Shakin' Stevens

“Strong are the bonds that we make” – Top of the Pops, 2 April 1981

Simon BatesAnother week, another two editions of TOTP on BBC Four as we attempt to crack on through the whole year before the Proms, the Olympics and whatever else has been displaced by the closure of BBC Three as a linear broadcast TV channel interrupt proceedings over the summer. Tonight sees the return of Simon Bates who promises us “no less than nine new numbers” on the show, which is just about true if you include the playout track. Of course, as we’ll find out, being new is not the same as being good, and with performances including an appalling cash-in on an already cynical cash-in and a return to the light entertainment hell we thought we’d seen the back of last summer, tonight’s show is quite possibly one of the worst of the year. But, hey, keep reading!

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See the full top 75 for this week on the Official Charts Website.

STIFF LITTLE FINGERS – Just Fade Away (#47)

Stiff Little FingersAttempting to come to terms with the idea that punk is, if not actually dead, at least pogoing unsteadily on its last legs, Stiff Little Fingers kick off proceedings with an attempt to inject some respectability into the genre. Having supposedly been banned from the show last year for not taking it seriously enough, frontman Jake Burns is taking things very seriously this time in his dinner jacket and bow tie, making him look like he’s just come from refereeing the snooker. The rest of the band haven’t put quite as much effort into their appearance but at least they’re trying, all except drummer Jim Reilly who has decided it would be appropriate to stand at the back of the stage playing a bodhrán in lieu of an actual drum kit as heard on the record. Don’t worry, he’ll be gone soon. Despite the earnestness of the performance, Just Fade Away peaked here at 47 and then did, er, just fade away.

DAVE STEWART & COLIN BLUNSTONE – What Becomes of the Broken Hearted (#17)

Dave Stewart & Colin Blunstone“There’s a song that’s gone into the top twenty at number 17, and it’s terrific.” Thanks, Simes. This is the second and final outing for this clip from Dave “Not that one” Stewart and Colin “Yes, that one” Blunstone. The single peaked at number 13 the following week but the duo wouldn’t record together again; Blunstone went back to being that bloke out of the Zombies (although a similarly styled attempt at Tracks of my Tears was a minor hit in 1982) while Stewart teamed up with Barbara Gaskin to cover It’s My Party later in the year with surprising results, ensuring he would hold the title of “Most famous person called Dave Stewart in a male/female pop duo” for at least a year until Eurythmics upped their game. “A lady singer named Barbara!” Simes would be amazed. And no, we don’t think Babs is either of the two unnamed backing keyboardists here, although you never can tell.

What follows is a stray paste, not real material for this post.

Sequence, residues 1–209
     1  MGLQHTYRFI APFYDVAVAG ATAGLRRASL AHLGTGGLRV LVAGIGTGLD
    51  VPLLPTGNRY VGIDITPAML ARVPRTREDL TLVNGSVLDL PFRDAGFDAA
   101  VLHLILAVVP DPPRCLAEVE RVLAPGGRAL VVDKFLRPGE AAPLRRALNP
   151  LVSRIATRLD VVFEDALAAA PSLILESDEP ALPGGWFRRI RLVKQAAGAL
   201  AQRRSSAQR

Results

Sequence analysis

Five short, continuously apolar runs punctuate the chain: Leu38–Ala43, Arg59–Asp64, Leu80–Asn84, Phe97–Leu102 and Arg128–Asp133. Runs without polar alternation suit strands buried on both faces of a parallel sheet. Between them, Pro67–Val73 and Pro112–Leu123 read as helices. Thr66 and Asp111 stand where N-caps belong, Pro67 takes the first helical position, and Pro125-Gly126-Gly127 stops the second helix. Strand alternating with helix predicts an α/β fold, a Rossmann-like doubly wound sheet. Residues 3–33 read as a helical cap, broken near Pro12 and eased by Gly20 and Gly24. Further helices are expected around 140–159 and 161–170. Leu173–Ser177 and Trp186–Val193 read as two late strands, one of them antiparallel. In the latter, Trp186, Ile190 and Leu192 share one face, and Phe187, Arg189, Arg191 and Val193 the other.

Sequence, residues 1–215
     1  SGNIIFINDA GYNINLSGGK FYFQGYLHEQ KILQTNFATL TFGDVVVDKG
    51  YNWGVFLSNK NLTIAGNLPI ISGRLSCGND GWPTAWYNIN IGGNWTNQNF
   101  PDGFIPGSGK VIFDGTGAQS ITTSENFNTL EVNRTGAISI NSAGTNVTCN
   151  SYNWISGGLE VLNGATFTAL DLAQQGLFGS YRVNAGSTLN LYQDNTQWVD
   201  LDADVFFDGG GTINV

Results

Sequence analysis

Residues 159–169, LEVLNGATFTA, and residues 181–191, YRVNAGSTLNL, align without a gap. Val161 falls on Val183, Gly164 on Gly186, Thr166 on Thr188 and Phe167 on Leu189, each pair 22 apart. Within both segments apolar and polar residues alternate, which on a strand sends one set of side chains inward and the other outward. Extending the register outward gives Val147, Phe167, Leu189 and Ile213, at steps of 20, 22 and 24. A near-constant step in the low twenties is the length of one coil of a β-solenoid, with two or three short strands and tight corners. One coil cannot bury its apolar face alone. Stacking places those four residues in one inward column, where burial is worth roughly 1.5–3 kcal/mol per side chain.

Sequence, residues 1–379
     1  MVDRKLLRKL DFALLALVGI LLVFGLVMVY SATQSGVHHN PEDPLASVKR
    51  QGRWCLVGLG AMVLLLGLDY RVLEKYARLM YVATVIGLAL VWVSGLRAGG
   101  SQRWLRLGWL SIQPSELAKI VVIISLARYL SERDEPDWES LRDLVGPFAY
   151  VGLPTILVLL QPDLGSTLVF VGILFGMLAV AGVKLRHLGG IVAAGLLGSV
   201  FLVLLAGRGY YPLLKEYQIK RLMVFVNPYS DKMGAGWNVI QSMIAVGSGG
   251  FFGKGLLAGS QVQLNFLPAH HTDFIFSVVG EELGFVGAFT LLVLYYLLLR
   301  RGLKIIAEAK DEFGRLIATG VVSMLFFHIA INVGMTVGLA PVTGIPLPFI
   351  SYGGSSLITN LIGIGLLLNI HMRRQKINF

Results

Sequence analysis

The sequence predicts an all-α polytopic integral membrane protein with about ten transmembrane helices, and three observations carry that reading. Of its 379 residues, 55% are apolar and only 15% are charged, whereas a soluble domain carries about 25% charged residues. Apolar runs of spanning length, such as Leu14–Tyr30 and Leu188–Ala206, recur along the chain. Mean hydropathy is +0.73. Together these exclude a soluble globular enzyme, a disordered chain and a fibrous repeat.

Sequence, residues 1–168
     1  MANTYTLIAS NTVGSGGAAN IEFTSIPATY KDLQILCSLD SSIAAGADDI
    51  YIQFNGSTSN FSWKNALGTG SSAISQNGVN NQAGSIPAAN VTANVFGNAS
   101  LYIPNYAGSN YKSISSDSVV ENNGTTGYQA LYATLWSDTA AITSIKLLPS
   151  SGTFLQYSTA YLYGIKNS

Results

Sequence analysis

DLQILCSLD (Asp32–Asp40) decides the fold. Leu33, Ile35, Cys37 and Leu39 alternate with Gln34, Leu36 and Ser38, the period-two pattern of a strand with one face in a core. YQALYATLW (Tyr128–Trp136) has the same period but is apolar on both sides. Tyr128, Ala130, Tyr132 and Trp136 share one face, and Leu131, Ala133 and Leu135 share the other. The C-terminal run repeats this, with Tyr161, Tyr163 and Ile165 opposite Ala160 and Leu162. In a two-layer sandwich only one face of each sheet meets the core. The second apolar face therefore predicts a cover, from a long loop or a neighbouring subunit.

LIGHT OF THE WORLD – Time (#45)

Light of the WorldTime for tonight’s BritFunk Moment™ and after countless – well, three – showings of (Somebody) Help Me Out over the past few weeks, Beggar & Co have found a telephone box, changed out of their tramp outfits and back into their normal clothes and – gasp! – they’re Light of the World again! It must be a hell of a job concealing their secret identities, especially when there are so many people in the band; one day someone’s going to go onstage in the wrong costume and their cover will be blown. They’ve gotten away with it for now though, as Time (a double A-side with the far superior ballad I’m So Happy) went on to become the band’s biggest hit under the Light of the World name, reaching the dizzy heights of number 35. This would be the posh Beggar & Co’s last appearance on the show, but the ragged Light of the World still have some hits to come… or is it the other way round?

LIQUID GOLD – Don’t Panic (#44)

Liquid GoldNow then, we’ve already heard the UK’s 1981 Eurovision Song Contest entry twice on the show and history has gone on to prove that, for once, the public picked the right song. But what if our hopes had been pinned on a bunch of cabaret disco chancers who struck lucky with a number 2 hit a year ago and have been peddling variations on the same song ever since? A group with a “flamboyant” drummer known for wearing next to nothing and having a keyboard painted on his chest for the singer to play like a xylophone? A crew so motley that even Simon Bates thinks “they’re loonies”? Couldn’t happen, you say, but it nearly did because Don’t Panic came second in 1981’s A Song For Europe contest, finishing a mere 27 points behind Making Your Mind Up. Dodged a bullet there, then. Taking their own advice, Liquid Gold ploughed on, releasing it as a single anyway and pulling out all the usual shtick for their now customary TOTP slot, except that drummer Wally Rothe is actually wearing clothes. The astute Douglas Adams fans among you will have spotted the Hitchhiker’s Guide to the Galaxy reference in the title and will celebrate the fact that the song peaked at number 42; everyone else will just celebrate the fact that this was Liquid Gold’s last appearance on the show.